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Learnings From The Art of War In The Age Of Digital
For any business attempting to forge a path in today’s competitive market place, getting the right marketing and growth strategy in place, particular with respect to digital media, is key
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For any business attempting to forge a path in today’s competitive market place, getting the right marketing and growth strategy in place, particular with respect to digital media, is key. While many look at individual tactics and tools such as SEO, content creation, social media engagement, and pay per click advertising, few bring all this together under an umbrella of a comprehensive strategy.
We often fail to ask the more subtle and complex questions that sit in the background when we engage with digital media. We know that SEO is important and that we need to post regularly on Facebook or Twitter. What we generally fail to ask is how these all work together and what we are trying to achieve, not only in the short term but five, 10 or 15 years into the future.
The 6th Century philosopher general, Sun Tzu, is largely credited with writing The Art of War. A favourite with many military specialists over the years, it has also been more recently applied to a variety of business practices, including operating in the digital arena.
Are you at war? Obviously not. Do you have competitors and are you fighting for growth and survival? Undoubtedly you are. There’s plenty in Sun Tzu’s philosophy that can be used to develop your own approach and strategy.
No one will argue that preparation and knowledge are key to business success. If you are going to compete, you need to have a deeper understanding of the strengths and weaknesses of both yourself and your competitors. It’s not just enough to have a series of tactics that you can use. You need to know how to use them, why you are using them and how they will impact collectively.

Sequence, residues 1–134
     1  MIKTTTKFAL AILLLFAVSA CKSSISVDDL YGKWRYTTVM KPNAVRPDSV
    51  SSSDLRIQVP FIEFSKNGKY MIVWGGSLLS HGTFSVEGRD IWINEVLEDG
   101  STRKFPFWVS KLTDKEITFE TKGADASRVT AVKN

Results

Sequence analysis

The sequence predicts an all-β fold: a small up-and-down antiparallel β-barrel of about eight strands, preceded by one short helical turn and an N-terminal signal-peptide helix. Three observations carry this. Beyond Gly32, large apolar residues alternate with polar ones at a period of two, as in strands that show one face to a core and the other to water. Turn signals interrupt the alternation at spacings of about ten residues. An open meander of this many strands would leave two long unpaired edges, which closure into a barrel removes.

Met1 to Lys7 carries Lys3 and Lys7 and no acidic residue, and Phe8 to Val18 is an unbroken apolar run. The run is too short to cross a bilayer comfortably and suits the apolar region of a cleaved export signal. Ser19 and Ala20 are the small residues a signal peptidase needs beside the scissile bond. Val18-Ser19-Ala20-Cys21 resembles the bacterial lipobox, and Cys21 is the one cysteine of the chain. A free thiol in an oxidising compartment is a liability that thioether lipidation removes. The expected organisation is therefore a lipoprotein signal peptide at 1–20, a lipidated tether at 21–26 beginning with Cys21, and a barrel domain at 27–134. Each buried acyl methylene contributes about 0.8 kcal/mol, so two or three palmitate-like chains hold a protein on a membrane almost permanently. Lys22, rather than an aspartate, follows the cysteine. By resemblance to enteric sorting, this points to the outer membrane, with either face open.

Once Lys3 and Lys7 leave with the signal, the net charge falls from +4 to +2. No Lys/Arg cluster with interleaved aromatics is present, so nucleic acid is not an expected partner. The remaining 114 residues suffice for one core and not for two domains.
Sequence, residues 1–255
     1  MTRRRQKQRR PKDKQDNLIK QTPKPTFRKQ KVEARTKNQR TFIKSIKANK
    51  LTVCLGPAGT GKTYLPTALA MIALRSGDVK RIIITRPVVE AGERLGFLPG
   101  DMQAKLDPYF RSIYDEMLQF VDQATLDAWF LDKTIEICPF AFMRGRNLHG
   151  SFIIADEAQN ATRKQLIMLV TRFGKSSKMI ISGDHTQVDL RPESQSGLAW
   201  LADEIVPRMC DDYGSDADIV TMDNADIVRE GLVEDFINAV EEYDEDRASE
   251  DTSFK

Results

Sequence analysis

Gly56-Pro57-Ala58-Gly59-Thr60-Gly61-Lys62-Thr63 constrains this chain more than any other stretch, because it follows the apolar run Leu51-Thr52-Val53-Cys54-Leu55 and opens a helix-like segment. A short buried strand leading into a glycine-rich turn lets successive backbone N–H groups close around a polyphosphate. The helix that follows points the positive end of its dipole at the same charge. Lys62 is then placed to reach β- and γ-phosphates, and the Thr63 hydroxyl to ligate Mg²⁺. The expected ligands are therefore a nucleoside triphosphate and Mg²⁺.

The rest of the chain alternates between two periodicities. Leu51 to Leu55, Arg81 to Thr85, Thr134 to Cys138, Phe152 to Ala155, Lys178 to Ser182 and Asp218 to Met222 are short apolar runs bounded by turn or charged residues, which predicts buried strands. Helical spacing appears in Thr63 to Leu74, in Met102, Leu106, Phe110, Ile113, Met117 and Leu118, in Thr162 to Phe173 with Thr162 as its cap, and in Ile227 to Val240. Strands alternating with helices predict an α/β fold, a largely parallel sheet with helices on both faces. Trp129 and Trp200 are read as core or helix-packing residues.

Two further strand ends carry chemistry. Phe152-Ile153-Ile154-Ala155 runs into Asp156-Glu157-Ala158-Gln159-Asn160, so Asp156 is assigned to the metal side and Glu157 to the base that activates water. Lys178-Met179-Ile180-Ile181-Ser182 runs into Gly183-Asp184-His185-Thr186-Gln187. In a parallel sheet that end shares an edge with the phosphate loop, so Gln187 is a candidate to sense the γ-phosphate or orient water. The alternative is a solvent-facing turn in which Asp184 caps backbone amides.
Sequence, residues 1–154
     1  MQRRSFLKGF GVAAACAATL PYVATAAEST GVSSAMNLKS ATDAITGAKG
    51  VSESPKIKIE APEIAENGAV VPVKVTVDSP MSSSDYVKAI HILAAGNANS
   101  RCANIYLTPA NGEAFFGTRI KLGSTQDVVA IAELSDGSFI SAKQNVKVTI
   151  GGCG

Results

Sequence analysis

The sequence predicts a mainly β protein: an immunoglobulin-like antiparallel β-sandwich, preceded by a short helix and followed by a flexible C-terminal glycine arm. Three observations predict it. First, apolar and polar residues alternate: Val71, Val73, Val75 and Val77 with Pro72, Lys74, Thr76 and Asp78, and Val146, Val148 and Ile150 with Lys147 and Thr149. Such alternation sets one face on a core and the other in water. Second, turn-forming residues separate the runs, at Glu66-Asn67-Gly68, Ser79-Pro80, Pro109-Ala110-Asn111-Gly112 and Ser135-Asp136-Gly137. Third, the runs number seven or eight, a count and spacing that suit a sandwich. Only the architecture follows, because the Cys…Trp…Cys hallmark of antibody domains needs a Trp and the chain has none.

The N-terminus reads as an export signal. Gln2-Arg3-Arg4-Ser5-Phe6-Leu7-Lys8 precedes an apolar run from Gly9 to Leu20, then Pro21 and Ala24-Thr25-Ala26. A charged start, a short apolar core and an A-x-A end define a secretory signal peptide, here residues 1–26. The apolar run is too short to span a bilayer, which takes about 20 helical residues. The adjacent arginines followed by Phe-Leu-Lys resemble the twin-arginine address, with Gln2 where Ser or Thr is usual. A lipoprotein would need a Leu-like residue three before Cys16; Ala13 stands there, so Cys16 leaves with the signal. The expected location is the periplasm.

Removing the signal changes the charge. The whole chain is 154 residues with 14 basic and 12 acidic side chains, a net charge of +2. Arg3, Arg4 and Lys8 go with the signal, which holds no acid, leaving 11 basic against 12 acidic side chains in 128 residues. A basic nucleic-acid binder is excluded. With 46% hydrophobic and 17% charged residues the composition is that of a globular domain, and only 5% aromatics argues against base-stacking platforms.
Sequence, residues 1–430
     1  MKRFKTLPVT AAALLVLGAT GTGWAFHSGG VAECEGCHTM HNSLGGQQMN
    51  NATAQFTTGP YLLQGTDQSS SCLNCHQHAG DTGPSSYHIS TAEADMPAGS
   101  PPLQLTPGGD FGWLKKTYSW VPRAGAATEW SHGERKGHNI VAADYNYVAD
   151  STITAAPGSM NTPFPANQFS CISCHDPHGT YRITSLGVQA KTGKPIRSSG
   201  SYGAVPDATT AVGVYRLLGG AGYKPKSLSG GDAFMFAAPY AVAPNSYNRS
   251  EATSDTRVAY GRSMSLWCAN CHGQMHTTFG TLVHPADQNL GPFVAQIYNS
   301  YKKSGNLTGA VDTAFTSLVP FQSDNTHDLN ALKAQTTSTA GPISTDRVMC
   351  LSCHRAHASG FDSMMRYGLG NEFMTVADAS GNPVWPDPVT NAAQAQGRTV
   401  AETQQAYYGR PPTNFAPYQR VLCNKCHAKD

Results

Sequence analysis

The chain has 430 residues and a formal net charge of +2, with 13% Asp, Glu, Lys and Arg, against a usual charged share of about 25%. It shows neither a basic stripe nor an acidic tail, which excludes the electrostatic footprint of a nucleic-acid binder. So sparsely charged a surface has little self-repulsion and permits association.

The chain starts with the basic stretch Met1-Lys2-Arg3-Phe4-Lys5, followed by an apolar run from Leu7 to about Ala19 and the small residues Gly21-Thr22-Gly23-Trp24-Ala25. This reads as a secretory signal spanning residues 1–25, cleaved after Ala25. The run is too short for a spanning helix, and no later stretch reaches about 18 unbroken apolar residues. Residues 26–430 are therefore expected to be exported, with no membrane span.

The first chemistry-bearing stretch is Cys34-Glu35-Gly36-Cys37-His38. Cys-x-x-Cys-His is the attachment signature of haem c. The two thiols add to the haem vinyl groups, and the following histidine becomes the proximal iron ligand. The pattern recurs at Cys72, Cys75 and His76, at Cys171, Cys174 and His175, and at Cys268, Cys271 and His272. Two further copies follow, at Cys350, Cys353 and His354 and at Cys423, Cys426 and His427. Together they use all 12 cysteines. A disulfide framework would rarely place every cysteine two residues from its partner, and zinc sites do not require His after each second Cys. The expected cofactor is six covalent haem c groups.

According to The Art of War:
“If you know the enemy and know yourself, you need not fear the result of a hundred battles. If you know yourself but not the enemy, for every victory gained you will also suffer a defeat. If you know neither the enemy nor yourself, you will succumb in every battle.”
It’s also not enough to only have a deep understanding of how your business operates and what it stands for. If you don’t know who the competition is and what they are up to you will be operating in the dark. Working to find out where the ‘enemy’ is doing better than you enables you to overcome those hurdles. You can also spot important weaknesses which means you can exploit them.
If you haven’t taken a closer look at your competitors in recent times, it may be the single reason that your business isn’t moving forward as strongly and confidently as you hoped. For instance, how often do you track your competitor’s data? Doing this can help you spot trends and put in place more intelligent and speedy responses, including changes to your own strategy.